"This is a once-in-a-lifetime opportunity," said 12-year-old camper Carlo Barrera of Austin. "I've been watching him since he started playing, and I think he's one of the best quarterbacks in history." One reason Vick resonates with kids is that he plays the game in a spontaneous, unbounded manner to which they can relate. Meanwhile, Vick appreciates the children's directness and lack of guile -- they may be coming at him, like everyone else, but at least they don't have a concealed angle. In his words, "They want me, but they just want some attention and affection."

One night Vick flashed a boyish grin as he bounced between a pair of fields on which campers squared off in full-contact scrimmages. He and several of his friends, including Carpenter, oohed and aahed over big hits and flashy plays, growing most excited when the camp's smallest participant, eight-year-old Malik Clemons, cut back twice on a long touchdown run. A few minutes later Malik, while blocking for another ballcarrier, lit up a camper twice his size. "That little dude's serious, man!" Vick exclaimed. "My camp will teach you how to play football."

It was nearly nine o'clock when the session ended, and the setting sun had given a peachlike tint to the billowy clouds above. "I'm too tall to act small," Vick sang as some of the younger campers descended, playfully daring him to participate in the following evening's scrimmages. "It's on, Vick -- tomorrow," a broad-shouldered camper growled. "When I'm finished with you, all you're gonna see is pitch-black." Vick cracked up. A crew-cut camper chimed in that he was going to leave Vick seeing nothing but "white light, baby," then reconsidered his position.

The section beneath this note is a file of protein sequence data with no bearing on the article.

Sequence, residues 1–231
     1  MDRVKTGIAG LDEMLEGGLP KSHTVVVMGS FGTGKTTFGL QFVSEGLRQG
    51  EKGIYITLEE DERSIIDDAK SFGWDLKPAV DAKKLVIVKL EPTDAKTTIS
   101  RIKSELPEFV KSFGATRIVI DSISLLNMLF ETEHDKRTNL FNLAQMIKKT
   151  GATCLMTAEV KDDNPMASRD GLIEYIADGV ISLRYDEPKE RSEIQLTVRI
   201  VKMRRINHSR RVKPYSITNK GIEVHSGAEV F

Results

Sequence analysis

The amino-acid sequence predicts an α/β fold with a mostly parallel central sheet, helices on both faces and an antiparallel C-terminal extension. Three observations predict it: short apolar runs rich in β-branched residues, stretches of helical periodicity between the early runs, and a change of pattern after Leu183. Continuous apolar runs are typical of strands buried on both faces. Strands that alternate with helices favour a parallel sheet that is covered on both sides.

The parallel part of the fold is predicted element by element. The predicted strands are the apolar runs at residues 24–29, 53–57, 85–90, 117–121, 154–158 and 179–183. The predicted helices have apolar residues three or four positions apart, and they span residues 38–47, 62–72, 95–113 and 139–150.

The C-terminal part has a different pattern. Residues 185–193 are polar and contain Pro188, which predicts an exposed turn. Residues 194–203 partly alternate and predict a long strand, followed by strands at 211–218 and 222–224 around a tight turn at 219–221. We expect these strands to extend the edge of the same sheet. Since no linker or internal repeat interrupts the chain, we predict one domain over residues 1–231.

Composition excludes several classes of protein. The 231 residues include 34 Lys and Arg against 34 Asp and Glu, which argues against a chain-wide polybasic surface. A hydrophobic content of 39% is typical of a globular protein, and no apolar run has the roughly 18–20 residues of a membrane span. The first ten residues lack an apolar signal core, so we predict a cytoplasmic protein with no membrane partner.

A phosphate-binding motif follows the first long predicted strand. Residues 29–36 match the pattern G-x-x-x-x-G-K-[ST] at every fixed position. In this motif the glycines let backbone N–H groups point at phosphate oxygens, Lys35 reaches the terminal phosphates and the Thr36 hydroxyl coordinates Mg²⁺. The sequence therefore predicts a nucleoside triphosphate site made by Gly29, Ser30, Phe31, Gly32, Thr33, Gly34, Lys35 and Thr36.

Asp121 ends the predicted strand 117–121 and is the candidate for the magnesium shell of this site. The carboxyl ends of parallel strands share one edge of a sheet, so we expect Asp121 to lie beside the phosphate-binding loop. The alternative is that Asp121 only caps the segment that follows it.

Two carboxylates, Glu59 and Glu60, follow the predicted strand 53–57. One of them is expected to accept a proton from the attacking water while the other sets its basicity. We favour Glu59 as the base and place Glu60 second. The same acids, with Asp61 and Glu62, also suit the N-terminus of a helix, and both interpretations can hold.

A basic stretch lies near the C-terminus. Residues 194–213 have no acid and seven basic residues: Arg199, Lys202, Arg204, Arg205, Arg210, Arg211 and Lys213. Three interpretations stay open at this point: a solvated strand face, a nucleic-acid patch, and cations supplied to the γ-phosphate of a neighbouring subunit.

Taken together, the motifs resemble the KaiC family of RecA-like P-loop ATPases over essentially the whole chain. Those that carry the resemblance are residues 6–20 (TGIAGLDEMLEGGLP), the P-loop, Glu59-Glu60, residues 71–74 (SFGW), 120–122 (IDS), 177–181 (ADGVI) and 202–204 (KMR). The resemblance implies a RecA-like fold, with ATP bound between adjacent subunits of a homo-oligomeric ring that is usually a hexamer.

"Actually," he said, latching on to Vick's passing arm, "I want to be on your team."
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Postby Mercer Boy » Wed Jun 29, 2005 5:15 am

Sorry, I just basically passed over the whole article. I am sure he has a good story, and he is a very talented player that helped take his team to the NFC Championship game last year.

He still really, really needs to work on the whole QB thing, though...especially for fantasy. Anyone that drafts him as a starting fantasy QB is going to be just as frustrated as those who have done it in the past. If you can pick out the games where he will run for over 100 yards and throw for over 200 with a couple TD's, then you're a better man than I. :-/

Vick is the perfect type of guy to be a FQBBC (Fantasy QB by committee). If you can find another guy who can get you good stats on the weeks where Vick will struggle, you can do well. But, you can't overspend on Vick. I wouldn't draft him until the 8th round of any fantasy draft, and then I would take another capable guy a round or two after.
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Postby FantasyManiac24 » Wed Jun 29, 2005 7:00 am

Mercer Boy wrote:Sorry, I just basically passed over the whole article. I am sure he has a good story, and he is a very talented player that helped take his team to the NFC Championship game last year.